Cloud-delivered services tend to expand into adjacencies more easily than traditional software did. Consider unified communications as a service. Not long ago, it was about hosted telephony, then it expanded into messaging, and then into meetings. This year, Gartner stopped publishing a Magic Quadrant on meetings solutions as this product category is now covered in its UCaaS report
That’s the simplified version of how UcaaS has expanded. The full story includes meeting rooms, whiteboards, e-signage, wellbeing, and more. My question is: What’s next? Where should the UcaaS providers go next to increase their value and competitive edge?
Let’s start with what we are already seeing. Clearly, a lot of UCaaS companies think there’s value in adding CCaaS
. Several vendors have expanded into webinars and virtual events. Cisco has even expanded Webex into physical events. Intermedia bundles email and shared drives. Goto has bundled in IT management tools.
A neglected area in the UCaaS suite is notetaking apps. Most people take notes in meetings and often share them. I believe Microsoft Teams is the only UCaaS to have integrated notetaking (with OneNote). I use Evernote in every meeting that I go to and often share my notes with other attendees. Evernote has lost some of its luster over the years, but it still works for me. Evernote attempted to move into meetings but reconsidered. It surprises me that it hasn’t partnered with meetings providers or been acquired by one.
Another adjacency that’s ignored by UCaaS providers is transcription. Many UCaaS providers offer to transcribe meetings, voicemails, and calls. What they don’t transcribe external content such as an audio or video file that a user received or created. Otter.ai does this, but few UCaaS providers support the ability to upload a file for transcription.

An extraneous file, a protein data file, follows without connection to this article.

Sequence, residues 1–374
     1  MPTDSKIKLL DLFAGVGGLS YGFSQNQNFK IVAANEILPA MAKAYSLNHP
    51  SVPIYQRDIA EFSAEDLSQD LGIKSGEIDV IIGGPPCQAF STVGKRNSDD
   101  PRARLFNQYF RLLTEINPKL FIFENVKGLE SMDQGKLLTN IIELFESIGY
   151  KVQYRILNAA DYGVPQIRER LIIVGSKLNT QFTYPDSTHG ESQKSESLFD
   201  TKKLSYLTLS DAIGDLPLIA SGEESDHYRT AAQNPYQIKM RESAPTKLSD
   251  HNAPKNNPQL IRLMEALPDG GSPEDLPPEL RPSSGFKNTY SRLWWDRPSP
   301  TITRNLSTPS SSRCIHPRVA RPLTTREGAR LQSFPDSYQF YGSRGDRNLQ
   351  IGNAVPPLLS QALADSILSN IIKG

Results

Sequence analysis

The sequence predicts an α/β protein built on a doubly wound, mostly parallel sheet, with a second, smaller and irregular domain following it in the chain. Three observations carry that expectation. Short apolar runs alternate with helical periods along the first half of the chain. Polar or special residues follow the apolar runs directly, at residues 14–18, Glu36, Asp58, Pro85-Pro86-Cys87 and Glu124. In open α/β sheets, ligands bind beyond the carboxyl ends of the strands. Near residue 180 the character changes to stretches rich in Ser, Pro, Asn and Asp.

Perhaps adjacencies are too limiting. It was clever when cellular mobile providers started bundling video streaming services such as Netflix. Calling and streaming video content have little to do with each other, but they do both require a reliable network.
In another twisted combo, Amazon recently added Grubhub+ to its Prime program. Food delivery likely goes even better
with online meetings than e-commerce. I am more likely to use a restaurant delivery service for lunch during an online meeting or event than for an offline dinner.
Or maybe it’s Amazon’s way of learning more about restaurant delivery. Amazon had its own restaurant delivery service called Amazon Restaurants. The service ran from 2015-2019. Perhaps Amazon was too early, and the concept deserves another look since it now employs over a quarter million drivers. In other words, these unusual combinations can be beneficial in non-obvious ways.
There is certainly a lot of expansion going on. An alternative way to expand is through ventures. Several providers, such as Cisco, RingCentral, and Zoom actively invest in companies that build out their ecosystems. Marketplaces are great places to see what apps build traction.
Telephony, messaging, and meetings are a great triple play, but I’m ready for a home run. A lot of great options are approaching, but the break-out play has yet to appear. I don’t know what’s next, but I do know some clever integrations are coming.